Occasionally, a bird will cover that long distance in a hurry. You shouldn’t necessarily expect a bird to take forever to get into gun range just because he is a long way from you the first time he hits your call. While that’s more often the norm, it isn’t always the case. Just be ready when he’s ready.
The most profound statement concerning turkey hunting is “patience kills more turkeys than anything.” While that is true, we all have different levels of the stuff. Some can sit for what seems like forever. It can be tough, but I promise you, if you will work on building up your patience account, your harvest rate will increase. The thing to realize is that if you aren’t comfortable, you aren’t going to be nearly as patient as you could be, or should be.
I struggled with it for years. I just despised sitting and waiting on a turkey to show up that I wasn’t entirely sure was even coming in the first place. The older I got, the worse it seemed to get. I realized I needed to learn to be more patient, and I had no problem with the idea of taking a few extended breaks at a good setup, but I struggled with the comfort side of things. Aside from actually seeing some birds come in that took forever to do it, I think I began to realize I was never going to get any better at being patient if I couldn’t be comfortable while doing it. So, I started trying to improve my seating conditions.
Sitting long periods of time on nothing but the ground became completely out of the question. Every rock or root I sat on that I wasn’t aware of initially grew to the size of boulders the longer I sat on them. Soon, most of the cushions or seats I tried weren’t much better. Then one day I decided to try one of those seats that was new to the market at the time; the portable fold-up chair. Initially I wasn’t too excited about having something else to have to tote around, but after one hunt, I never left home without my Primos Wingman chair again. I have accidently walked three-quarters of a mile into the woods without it and have walked back to the truck to get it. I just don’t hunt without it. I will sit on the ground if I have to set up quickly, but if it becomes clear that it’s going to be a while before a bird might show up, I set up the chair. It is light, has a good carrying strap and can be set up very quickly. Getting comfortable, especially for long sits, is critical.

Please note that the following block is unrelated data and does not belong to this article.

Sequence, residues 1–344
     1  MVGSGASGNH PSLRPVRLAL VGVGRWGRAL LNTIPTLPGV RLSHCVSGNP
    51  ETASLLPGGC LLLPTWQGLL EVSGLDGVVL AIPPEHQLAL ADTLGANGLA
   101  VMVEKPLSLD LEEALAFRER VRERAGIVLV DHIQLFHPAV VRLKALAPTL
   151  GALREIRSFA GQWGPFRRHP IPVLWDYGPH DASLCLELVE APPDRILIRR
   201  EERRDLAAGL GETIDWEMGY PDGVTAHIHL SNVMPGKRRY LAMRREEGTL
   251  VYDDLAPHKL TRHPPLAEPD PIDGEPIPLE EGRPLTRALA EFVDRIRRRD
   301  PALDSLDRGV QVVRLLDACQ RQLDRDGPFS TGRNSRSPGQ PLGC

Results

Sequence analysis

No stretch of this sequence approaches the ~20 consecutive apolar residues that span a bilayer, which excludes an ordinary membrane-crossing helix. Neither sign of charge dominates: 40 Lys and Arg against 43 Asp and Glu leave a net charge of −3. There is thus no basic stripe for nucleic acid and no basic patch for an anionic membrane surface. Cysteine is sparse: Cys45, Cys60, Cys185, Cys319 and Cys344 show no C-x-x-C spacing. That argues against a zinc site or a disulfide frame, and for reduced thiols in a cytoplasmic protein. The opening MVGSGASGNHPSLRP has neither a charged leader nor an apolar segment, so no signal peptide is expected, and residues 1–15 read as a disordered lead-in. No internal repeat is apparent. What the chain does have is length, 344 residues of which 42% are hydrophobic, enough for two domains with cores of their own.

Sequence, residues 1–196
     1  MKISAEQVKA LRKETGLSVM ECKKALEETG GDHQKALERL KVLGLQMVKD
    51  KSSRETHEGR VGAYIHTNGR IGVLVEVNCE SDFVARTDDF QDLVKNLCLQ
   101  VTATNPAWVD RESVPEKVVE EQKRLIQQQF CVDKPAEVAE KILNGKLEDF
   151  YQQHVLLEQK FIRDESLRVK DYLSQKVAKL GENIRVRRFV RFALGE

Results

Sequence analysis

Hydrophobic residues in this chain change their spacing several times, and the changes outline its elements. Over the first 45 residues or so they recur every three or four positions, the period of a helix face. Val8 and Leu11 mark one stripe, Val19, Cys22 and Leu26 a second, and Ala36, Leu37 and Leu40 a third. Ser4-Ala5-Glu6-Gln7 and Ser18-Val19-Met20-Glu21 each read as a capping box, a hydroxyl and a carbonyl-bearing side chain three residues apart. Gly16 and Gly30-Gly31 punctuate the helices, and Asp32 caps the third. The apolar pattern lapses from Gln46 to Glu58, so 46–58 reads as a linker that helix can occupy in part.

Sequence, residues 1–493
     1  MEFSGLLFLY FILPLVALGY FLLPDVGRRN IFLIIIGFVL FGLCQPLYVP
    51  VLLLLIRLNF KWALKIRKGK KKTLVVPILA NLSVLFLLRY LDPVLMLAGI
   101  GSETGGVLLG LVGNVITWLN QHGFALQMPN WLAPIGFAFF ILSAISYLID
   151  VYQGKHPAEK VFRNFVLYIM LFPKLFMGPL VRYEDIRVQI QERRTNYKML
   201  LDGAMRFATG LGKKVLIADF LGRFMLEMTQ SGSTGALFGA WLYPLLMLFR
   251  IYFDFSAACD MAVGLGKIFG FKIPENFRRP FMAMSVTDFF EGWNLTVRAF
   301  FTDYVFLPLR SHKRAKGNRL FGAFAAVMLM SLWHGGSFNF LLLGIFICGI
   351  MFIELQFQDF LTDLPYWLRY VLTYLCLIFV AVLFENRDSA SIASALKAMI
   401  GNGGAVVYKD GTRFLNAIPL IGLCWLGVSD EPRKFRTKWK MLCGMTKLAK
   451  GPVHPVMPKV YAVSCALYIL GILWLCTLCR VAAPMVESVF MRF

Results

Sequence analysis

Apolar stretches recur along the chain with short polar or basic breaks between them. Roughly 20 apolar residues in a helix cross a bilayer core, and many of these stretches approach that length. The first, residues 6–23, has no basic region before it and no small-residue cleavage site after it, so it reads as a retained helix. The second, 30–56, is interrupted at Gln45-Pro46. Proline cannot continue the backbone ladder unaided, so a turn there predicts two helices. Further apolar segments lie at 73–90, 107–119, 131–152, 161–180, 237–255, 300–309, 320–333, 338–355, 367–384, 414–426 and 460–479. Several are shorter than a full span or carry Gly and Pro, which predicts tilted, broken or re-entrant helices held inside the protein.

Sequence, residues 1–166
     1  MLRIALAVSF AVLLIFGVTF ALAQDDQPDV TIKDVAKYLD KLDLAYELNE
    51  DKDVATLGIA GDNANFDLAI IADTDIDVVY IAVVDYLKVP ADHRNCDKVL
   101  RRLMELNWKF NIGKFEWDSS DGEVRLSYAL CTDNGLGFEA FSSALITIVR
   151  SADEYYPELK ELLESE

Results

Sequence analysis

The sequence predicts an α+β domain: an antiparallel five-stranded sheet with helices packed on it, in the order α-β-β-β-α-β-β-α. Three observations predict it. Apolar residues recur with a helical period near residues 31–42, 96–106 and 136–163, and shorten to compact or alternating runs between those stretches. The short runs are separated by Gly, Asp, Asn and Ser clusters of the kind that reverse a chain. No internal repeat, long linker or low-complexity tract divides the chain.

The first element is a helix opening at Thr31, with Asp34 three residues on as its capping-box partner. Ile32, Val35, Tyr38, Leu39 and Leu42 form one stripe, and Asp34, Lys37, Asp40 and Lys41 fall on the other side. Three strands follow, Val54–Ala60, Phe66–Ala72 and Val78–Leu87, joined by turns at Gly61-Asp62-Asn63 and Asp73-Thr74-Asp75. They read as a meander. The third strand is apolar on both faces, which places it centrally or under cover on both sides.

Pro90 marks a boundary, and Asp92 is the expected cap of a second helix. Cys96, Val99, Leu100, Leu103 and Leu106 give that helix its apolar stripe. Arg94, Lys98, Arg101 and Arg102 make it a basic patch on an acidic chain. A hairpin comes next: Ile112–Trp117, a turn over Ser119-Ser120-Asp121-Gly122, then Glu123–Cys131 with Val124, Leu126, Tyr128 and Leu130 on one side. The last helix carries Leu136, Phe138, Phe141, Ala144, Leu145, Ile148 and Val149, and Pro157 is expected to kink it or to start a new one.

A long time in a single spot was likely going to be the recipe for the turkey Devereaux and I decided to go after on the hunt I mentioned earlier. We decided to move toward the end of the property and try to work the bird we were hearing across the road. In this particular case, he was the only bird in town. He was hammering, so we quickly moved along the edge of the field along the treeline and hurriedly covered the 1,000 yards to the far end. I had a spot in mind to set up, and I guessed that it would put us to within 500 yards or so of the gobbling bird across the road. It’s the best we could do because the bird was on property where we didn’t have permission to hunt.